Employers should not overlook the Affordable Care Act’s (ACA’s) annual inflation-adjusted shift in cost-sharing limits for group health plan coverage, as they could face steep penalties for failing to provide affordable coverage under the ACA’s shared-responsibility provisions.
The IRS announced in Revenue Procedure 2018-34 the 2019 shared-responsibility affordability percentage. Based on the ACA’s affordability standard as adjusted for inflation, health coverage will satisfy the requirement to be affordable if the lowest-cost self-only coverage option available to employees does not exceed 9.86 percent of an employee’s household income, up from 9.56 percent in 2018. This information will help you as you plan for 2018-2019 renewals.
For 2019 calendar-year plans using the federal poverty level (FPL) safe harbor to determine affordability, an employee’s premium payment can’t exceed $99.75 per month, up from $96.08 per month in 2018. Many employers use the FPL safe harbor to develop employee contributions for self-only coverage to avoid ACA penalties under Section 4980H(b).
“Using the FPL safe harbor also simplifies ACA reporting and coding of Form 1095-C,” which plan sponsors file with the IRS for each employee offered ACA-compliant health coverage, wrote Richard Stover and Leslye Laderman, consultants with Conduent HR Services, in their recent analysis.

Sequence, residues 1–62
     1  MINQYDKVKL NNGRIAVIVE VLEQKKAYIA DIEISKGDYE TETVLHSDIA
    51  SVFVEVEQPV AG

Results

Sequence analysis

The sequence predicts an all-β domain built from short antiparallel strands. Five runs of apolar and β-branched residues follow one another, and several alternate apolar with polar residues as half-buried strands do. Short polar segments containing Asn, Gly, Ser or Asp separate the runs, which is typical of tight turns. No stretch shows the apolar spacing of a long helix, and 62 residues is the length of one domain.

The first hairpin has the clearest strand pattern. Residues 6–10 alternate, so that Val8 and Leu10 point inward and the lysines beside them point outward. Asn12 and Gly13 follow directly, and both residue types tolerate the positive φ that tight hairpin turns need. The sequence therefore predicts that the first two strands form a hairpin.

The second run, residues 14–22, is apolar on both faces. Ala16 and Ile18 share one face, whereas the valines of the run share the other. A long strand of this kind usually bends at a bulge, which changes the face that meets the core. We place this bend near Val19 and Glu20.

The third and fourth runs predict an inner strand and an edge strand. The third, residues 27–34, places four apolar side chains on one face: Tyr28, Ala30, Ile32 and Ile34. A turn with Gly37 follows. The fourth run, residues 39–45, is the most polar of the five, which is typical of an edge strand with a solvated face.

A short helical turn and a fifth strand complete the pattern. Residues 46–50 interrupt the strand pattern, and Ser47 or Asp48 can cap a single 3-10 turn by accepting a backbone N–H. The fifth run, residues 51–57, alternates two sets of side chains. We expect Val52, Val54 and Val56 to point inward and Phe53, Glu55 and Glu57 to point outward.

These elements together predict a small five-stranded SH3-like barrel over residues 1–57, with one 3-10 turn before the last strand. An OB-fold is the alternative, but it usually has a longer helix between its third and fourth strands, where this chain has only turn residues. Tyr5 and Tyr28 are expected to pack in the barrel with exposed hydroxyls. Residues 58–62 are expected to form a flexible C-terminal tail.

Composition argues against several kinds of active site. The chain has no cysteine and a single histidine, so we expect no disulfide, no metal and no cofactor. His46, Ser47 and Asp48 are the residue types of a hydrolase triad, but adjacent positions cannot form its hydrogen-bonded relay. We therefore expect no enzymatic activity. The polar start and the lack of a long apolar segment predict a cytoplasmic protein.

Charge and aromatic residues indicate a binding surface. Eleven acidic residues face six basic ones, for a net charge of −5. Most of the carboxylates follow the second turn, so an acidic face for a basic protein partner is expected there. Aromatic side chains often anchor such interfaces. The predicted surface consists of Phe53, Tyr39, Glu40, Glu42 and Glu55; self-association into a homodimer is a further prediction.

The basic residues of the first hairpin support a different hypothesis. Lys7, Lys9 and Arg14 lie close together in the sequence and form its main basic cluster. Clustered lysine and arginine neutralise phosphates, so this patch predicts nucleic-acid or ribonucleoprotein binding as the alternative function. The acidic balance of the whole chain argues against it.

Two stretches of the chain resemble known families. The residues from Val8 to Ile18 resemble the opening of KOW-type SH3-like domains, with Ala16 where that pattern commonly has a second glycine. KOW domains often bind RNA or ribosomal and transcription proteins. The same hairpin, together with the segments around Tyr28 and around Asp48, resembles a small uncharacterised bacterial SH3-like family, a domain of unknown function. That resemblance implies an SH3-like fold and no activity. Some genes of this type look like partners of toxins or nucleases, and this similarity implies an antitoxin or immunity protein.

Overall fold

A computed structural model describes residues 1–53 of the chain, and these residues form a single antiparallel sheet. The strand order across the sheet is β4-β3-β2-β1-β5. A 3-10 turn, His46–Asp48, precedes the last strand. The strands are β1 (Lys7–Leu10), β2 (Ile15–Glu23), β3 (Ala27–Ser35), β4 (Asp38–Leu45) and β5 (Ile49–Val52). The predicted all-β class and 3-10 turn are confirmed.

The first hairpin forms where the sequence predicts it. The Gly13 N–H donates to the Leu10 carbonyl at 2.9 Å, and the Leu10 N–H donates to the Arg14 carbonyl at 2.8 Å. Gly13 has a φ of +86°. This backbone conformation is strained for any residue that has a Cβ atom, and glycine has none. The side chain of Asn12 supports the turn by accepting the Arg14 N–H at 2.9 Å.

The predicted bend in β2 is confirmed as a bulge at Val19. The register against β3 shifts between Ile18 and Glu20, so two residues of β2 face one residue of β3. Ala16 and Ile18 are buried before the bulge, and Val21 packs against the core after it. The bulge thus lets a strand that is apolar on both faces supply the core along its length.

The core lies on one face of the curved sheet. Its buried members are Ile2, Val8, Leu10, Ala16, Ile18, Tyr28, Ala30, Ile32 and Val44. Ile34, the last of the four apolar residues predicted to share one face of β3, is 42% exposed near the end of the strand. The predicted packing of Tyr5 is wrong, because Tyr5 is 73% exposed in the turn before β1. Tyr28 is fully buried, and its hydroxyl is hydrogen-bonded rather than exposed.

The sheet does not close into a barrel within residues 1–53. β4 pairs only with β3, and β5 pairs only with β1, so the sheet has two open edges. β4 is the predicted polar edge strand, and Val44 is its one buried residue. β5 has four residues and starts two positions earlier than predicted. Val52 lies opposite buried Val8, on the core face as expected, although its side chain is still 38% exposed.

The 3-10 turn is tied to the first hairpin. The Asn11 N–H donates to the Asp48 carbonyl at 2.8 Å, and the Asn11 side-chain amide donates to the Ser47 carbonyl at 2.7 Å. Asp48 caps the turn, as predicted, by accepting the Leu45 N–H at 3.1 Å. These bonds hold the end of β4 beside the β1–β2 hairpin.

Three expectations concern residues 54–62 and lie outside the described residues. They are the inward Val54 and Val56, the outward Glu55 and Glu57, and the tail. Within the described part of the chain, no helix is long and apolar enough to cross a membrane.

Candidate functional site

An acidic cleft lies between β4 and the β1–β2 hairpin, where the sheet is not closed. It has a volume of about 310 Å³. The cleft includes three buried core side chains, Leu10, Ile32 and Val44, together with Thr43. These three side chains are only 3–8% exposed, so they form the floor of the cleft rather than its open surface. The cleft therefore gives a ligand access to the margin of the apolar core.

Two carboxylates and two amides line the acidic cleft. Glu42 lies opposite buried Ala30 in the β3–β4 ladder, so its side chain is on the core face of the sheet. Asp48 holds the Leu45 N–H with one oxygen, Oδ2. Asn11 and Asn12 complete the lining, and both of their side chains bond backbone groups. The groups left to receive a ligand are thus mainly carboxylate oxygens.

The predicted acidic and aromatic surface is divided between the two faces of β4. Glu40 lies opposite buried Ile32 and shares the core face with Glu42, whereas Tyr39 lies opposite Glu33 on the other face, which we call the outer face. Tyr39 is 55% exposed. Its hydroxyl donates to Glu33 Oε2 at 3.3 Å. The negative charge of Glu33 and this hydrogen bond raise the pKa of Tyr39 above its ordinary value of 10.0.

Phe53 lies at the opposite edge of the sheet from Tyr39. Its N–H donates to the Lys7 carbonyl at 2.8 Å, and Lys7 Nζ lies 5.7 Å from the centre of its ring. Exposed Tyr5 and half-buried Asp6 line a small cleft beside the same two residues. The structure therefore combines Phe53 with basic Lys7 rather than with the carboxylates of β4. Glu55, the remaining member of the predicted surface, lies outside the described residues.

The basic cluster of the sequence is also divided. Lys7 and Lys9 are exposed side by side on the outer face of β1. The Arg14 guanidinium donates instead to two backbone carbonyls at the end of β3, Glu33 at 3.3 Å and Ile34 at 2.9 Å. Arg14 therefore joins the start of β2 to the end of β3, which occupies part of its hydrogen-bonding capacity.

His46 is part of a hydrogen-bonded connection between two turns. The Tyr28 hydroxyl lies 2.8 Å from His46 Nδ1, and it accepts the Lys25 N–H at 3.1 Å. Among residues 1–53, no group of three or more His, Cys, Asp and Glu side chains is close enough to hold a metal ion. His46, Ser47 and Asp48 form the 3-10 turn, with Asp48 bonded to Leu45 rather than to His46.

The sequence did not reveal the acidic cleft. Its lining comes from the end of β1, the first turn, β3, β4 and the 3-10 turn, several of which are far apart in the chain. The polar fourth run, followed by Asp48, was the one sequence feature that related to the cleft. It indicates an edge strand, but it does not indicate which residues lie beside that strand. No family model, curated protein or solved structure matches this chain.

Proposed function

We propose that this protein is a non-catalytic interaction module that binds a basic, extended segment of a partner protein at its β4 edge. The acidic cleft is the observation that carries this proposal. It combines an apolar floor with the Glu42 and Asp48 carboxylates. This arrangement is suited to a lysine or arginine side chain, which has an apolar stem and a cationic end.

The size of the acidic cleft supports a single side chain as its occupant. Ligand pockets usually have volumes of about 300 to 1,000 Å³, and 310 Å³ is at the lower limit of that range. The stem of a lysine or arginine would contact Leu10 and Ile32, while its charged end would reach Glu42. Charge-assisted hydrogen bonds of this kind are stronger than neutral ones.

Affordability Safe Harbors
Since employers don’t know their workers’ household incomes, to which the affordability threshold applies, the ACA created three safe harbors, any of which can be used in place of household income:
- The employee’s W-2 wages—as reported in box 1—generally as of the first day of the plan year (see IRS Questions and Answers).
- The employee’s rate of pay—hourly wage rate multiplied by 130 hours per month—as of the first day of the plan year.
- The individual federal poverty level as of six months prior to the beginning of the plan year, since the FPL isn’t published for a given year until January.
The IRS can impose a shared-responsibility penalty when an employer with 50 or more full-time or equivalent employees—known as an applicable large employer (ALE)—”fails to offer minimum essential coverage to substantially all of its full-time employees and their dependent children during a month and at least one full-time employee receives a premium tax credit” through the ACA’s public marketplace exchange. An ALE satisfies the “substantially all” standard for any given month if it offered coverage to at least 95 percent of its full-time employees and their dependent children during that month.
For 2019, Stover and Laderman noted that actuaries estimate that the Section 4980H(b) penalty for failure to offer affordable, minimum-value coverage will be $3,750 per employee (or $312.50 per month), up from $3,480 (or $290 per month) in 2018.
The lowest cost plan offered must meet the affordability standard as discussed above AND an ACA-compliant plan must provide minimum value by having an actuarial value of at least 60%, meaning the plan pays for at least 60% of covered benefits including hospitalization, pharmacy and physician charges. Most traditional fully insured plans and self-funded plans meet the minimum value. MEC or limited benefit plans do not.